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I have a 67 Galaxie with a 390 in it I'm trying to add some power too. THis is my first Galaxie and I'm wondering what recommendations you guys would give based on your findings of the good and the unfortunate from your own experiences. She's a 4-door and meant to be more a daily driver, not a drag car. But I want her to be a fun and growly 'streetable' car, like a sneaky grandpa car that you might not think much of sitting in the parking lot. Until it's started up that is.

I'm starting with 2v stock 390, it had an engine rebuild a couple years back when the last owner had it. I don't know anything about what they did specifically though, found her in a field and got a good deal since she was mid-restoration. Anyway, I have a Holley 650 4 barrel carb and an Edelbrock Performance RPM intake manifold to put on it as a starting point for this project. Currently it has Magnaflow 11235 mufflers with 2.25 pipe, last owner put these on in 2007. Stock headers I believe, I'd love to put some Hookers on but I'm still working out the order in which to do all these things that makes the most sense mechanically and financially.

She's running great right now, aside from some new shocks needed in the near future. I've been debating an Edelbrock 2106 Performer Plus cam kit to put in since I'm doing the intake manifold anyway. But then the ball starts rolling and I wonder, what about cylinder heads, maybe just new valve springs, what about some super 10s to replace the magnaflows, maybe I should just stop at the intake and carb for the moment. I don't want to drop several grand into it right now, rather save that for some paint which she needs way more considering she's running just fine. I just want to feel some more G force and increase her rumble.

Any suggestions for me? Things to do or things to stay away from that are more a waste of money than a hp gain? I like that she's so full of original parts... but I'm not set on keeping her that way.
 

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Welcome to the forum and congrats on the new ride. Glad to see another one rescued.

Really can't help with your questions other than to say i don't think Hooker makes headers for your car and you might have to check with FPA. I'm more familiar with '64s so i 'might' be wrong on that but don't believe so.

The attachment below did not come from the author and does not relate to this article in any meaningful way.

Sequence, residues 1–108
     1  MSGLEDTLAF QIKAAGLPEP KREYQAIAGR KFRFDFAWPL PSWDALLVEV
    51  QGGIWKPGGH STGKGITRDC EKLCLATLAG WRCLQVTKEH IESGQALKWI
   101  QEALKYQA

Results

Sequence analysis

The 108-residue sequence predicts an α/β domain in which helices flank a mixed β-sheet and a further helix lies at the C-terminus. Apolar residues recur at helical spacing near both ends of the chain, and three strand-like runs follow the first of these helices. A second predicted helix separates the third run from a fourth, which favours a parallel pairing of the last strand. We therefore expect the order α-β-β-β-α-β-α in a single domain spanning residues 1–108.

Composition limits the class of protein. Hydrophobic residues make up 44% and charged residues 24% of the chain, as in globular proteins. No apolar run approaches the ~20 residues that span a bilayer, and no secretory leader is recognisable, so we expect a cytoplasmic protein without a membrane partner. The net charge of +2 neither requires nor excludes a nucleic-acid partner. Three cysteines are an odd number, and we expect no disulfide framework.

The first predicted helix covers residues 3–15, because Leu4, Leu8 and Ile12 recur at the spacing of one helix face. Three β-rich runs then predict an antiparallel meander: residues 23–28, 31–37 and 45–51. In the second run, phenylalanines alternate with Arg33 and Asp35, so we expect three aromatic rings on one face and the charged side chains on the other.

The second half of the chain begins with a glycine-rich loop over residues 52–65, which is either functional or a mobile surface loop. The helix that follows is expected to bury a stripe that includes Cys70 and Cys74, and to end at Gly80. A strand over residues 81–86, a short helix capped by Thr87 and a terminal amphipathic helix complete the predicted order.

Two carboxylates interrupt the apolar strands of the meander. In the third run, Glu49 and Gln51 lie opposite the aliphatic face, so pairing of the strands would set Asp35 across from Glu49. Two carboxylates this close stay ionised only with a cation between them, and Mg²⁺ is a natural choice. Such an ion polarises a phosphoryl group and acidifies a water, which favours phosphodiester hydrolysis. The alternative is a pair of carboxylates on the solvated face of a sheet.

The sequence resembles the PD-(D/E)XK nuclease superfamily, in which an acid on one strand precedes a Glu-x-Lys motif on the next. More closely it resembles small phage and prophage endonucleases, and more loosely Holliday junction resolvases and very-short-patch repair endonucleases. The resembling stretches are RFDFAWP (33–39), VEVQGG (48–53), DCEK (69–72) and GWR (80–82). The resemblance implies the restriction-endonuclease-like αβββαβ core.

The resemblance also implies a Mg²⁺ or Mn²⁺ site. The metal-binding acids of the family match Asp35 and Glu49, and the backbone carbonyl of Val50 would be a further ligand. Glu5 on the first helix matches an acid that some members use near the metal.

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There must be a balance with the amount of air going in and the air exiting your engine. If you make it easier for your engine to suck air in by replacing the intake system and do nothing about the exhaust you will have a very pretty engine that has about the same power as stock. Open up the exhaust and you will see big gains. The key here is to let the same amount of air in as you let out. Having a restrictive exhaust will prevent this from happening. As far as cams go, unless your engine breathes properly you will not see alot of significant gains. Good Luck and keep us posted!!
 

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The real problem is it a 2v motor... That means it is a very low compression motor. You need to change that in order go get good hp gains. The regular carb,cam,headers ect will give gains , but not alot ....
 

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Stock 390's never had much power. They were for Cruisin only.
As suggested, cam, headers, larger carb. or carbs., more compression and even a lower gear in the rear. But then you have the problem of expense and low gas millage.
 

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OK new kid, I want you to understand 4 things.

1: The 390 has a TREMENDOUS amount of power. Stock or not stock. Why else would it the most popular FE ever made?

2: Fact: Add headers, 4V carb, Cam to match the head flow and you have FAR MORE power that you will ever need.

3: The Compression as noted by battleracing is incorrect! Your 67 390 2V motor is a 9.5:1 Comp ratio engine. There are MANY engines with that same ration that are hauling proverbial ass. Which is MORE than you actually need for the street and to be fast enough to hang out on the corner.

4: There is no 4!

That's plenty! You need know no more other than specifics on how to pick your parts and make your build. The 4V intake you have is a good choice for driving the street, not that there are a ton of choices out there. There are no factory headers for a 67 2V 390, those are simply cast iron exhaust manifolds and they're holding back about 30 HP by themselves regardless of pipe size behind them. Get real headers and be up 30 HP just from that. Choose your cam by talking to the Cam grinders in Tacoma at Delta Cam's, tell them your engine desires, your intake style, and your head flow (someone has a chart on the FE stock head flow) Match your cam profile to that, and have a smoking hot 390 under your hood for relatively little money.


Let the Nay-Saying begin, I'll prove my point a hundred times to their one.


Welcome to FM, I HOPE you're not another goddamn Troll!
 

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FE is correct in that the 390 has 9.5 compression.